Obviously, he felt taken advantage of and wanted reparations. To a large extent, he had been taken advantage of. He would not have ordered DirecTV to begin with had he known about the contractual obligations of MLB. Yet, he also didn’t consider that this could have been an honest misunderstanding for all parties involved.
To those of you who know my father, you know he’s an intelligent, patient man. But anger has a way of overpowering admirable qualities and blinding a person to empathy. For the near-hour that my dad ranted and raved to anyone with working ears at DirecTV, he failed to consider that his problem may have been out of the purview of even his initial salesman. Rather than working productively to solve the issue, it kept spiraling into a futile jousting match of “lies, lies, lies” from one representative to the next. I don’t want this. I want something else. I don’t like this. It was – like most anger – an exhibition in ego.
However, once he became so flustered that his only option was to hand the phone to me, he saw a different approach. Now, I’m not saying that I am – in any way – better than my dad or anyone else at handling anger. It was not my cable bill – nor was I the one who had been swindled – so it was far easier for me to detach and handle the conversation with mild amusement. I explained to Stephanie (Agent #5 at this point) that I believed the problem was a mix-up, and all my father wanted was to cancel the service. As I expected, she, too, was unaware of contractual overlaps. When she finally understood the issue rather than the anger, she apologized and vowed to rectify the situation the best she could. This is when my dad said, “I can take it from here.”
Uh-oh, I thought. Here we go again.
But my dad had calmed down. He finally was allowing logic and reason (two of his strengths, usually) to dictate his conversation with the agent instead of emotion. He was focused on proactive solutions rather than reactive outbursts. No longer were his words provoking or eliciting defensive remarks. Instead, the two discussed what could be done to address the actual problem.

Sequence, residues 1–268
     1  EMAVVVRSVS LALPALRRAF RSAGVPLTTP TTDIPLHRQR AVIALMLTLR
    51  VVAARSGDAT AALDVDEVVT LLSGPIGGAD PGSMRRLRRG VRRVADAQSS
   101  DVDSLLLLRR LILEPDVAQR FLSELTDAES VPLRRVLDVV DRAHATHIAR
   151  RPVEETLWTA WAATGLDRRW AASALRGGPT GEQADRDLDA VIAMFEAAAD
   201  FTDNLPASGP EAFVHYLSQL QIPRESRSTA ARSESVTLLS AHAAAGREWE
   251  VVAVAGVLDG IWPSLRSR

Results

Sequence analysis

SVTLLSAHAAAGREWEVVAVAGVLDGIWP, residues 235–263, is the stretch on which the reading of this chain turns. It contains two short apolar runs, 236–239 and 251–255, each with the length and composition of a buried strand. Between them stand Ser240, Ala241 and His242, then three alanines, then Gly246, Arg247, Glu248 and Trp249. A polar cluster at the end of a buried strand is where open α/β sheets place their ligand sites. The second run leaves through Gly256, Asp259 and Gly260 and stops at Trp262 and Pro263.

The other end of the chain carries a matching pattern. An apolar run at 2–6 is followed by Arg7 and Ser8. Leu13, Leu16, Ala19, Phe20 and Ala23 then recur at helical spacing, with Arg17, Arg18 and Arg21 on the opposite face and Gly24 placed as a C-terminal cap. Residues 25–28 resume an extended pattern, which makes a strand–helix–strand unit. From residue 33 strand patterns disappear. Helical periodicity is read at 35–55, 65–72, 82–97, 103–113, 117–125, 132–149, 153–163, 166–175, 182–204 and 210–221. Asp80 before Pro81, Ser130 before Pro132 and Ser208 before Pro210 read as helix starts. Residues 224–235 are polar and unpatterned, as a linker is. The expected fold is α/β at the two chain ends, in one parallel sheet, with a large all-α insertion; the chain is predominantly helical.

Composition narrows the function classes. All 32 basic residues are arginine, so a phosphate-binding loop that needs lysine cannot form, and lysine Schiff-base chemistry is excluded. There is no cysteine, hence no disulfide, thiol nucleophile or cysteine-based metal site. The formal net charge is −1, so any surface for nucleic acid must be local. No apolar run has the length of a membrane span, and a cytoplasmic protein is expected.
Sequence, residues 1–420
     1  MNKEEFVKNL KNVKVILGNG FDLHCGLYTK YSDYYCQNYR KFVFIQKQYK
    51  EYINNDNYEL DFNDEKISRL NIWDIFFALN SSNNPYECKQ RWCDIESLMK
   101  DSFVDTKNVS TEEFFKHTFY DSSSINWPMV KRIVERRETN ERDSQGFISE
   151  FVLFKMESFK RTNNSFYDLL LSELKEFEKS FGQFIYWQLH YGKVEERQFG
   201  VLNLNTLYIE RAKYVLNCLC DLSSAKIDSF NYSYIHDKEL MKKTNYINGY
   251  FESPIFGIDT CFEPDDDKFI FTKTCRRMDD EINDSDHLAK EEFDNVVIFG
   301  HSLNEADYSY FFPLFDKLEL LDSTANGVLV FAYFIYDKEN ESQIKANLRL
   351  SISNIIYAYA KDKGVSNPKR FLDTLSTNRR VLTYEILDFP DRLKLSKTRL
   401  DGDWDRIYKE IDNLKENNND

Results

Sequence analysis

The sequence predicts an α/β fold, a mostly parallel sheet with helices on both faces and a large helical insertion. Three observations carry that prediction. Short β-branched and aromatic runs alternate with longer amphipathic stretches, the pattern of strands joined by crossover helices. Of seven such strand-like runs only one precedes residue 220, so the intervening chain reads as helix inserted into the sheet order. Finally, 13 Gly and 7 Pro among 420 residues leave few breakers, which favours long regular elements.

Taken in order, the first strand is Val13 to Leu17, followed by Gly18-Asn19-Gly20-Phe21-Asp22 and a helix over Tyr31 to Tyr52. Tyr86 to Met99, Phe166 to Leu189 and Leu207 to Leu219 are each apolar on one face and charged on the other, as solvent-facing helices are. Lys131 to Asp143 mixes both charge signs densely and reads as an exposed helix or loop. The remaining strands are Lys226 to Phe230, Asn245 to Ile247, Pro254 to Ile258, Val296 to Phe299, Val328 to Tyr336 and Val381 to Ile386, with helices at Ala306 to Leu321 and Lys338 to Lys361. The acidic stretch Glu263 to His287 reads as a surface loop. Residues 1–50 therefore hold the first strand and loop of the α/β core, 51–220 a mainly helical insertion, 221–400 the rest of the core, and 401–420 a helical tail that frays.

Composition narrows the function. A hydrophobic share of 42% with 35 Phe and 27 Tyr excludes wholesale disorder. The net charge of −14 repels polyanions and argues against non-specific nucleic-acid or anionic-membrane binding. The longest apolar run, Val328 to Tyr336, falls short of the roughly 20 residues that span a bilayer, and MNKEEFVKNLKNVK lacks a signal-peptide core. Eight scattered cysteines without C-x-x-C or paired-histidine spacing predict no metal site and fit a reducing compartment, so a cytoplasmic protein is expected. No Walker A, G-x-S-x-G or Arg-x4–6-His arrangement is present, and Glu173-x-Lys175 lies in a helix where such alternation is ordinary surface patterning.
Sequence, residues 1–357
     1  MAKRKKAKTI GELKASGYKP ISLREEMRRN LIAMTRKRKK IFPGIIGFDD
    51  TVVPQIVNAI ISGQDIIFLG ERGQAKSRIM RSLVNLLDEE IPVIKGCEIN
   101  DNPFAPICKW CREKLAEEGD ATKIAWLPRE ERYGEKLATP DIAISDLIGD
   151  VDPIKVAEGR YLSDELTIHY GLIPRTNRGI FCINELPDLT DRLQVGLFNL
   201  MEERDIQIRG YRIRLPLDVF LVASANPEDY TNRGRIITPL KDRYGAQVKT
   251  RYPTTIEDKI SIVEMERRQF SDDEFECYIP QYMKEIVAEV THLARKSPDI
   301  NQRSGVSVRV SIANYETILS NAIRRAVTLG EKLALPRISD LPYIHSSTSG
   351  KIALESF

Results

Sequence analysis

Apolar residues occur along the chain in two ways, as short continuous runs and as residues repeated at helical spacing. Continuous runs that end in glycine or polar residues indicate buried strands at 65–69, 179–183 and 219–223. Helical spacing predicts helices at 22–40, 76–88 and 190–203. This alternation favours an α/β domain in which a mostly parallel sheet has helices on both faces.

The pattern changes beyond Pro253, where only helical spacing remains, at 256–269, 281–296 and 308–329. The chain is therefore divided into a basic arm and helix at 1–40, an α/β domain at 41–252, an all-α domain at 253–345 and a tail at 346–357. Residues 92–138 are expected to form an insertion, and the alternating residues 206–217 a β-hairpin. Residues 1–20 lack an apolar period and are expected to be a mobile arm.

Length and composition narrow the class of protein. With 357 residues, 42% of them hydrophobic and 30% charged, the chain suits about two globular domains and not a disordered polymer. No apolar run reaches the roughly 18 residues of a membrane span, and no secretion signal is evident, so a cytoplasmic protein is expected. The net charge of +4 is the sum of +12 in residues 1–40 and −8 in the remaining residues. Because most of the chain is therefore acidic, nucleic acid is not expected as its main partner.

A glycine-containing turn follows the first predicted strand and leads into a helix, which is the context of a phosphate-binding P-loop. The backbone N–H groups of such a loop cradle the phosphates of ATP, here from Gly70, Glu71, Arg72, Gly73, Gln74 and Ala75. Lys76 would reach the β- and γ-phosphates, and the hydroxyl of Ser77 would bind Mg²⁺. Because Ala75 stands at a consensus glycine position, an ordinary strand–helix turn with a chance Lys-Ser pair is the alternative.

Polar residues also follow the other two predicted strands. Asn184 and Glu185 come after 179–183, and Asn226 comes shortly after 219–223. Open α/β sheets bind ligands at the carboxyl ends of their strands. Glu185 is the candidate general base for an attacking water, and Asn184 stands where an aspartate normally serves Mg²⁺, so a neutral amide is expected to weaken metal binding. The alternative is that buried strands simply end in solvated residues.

And that’s when something beautiful happened. I was sitting across the room and saw my dad’s eyebrows jump up in surprise.
“Wow,” he said. “That is more than I ever could have expected. Thank you.”
Stephanie, now speaking to a man whose voice was patient and understanding, had extended an olive branch: since nothing could be done to fix the CSN problem, what if they offered him MLB Extra Innings (i.e., every single MLB game in 2015) for free as compensation?
To recap, my dad thought he was going to get 85 Cubs games with Daniel’s “lie.” Now he’s getting 162.
How many problems could be solved if we switched our knee-jerk reactions of frustration and anger to thoughtful responses of compassion, empathy, and the awareness of the true nature of our circumstances?
In the end, as my dad sat back and praised the kindness of DirecTV representatives, I reminded him of the initial error. What he had viewed as “bad” and as worthy of his anger had ended up resulting in a much better situation than his original expectation. Had the mistake never occurred, he would have found only half the treasure that he ended up getting.
Buddha once said, “Holding onto anger is like grasping a hot coal with the intent of throwing it at someone else; you are the one who gets burned.”
My dad dropped the coal. Things worked out.
Keep that in mind the next time you get mad – even if its justified. Let the anger burn until it cools off. Move on with a smile.